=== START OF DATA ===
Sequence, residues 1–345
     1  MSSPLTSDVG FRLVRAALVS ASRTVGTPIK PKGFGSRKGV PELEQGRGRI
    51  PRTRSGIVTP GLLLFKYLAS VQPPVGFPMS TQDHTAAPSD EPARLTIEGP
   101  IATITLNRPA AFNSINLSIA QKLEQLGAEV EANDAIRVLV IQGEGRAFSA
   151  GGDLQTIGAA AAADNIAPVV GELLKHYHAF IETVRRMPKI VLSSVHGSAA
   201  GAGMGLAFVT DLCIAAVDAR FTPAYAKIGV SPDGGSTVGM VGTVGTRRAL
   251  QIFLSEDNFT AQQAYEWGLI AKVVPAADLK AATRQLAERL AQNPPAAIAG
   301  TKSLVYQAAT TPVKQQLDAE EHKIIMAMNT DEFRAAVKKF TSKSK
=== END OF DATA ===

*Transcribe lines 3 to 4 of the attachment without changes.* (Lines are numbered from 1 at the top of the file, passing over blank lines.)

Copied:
    51  PRTRSGIVTP GLLLFKYLAS VQPPVGFPMS TQDHTAAPSD EPARLTIEGP
   101  IATITLNRPA AFNSINLSIA QKLEQLGAEV EANDAIRVLV IQGEGRAFSA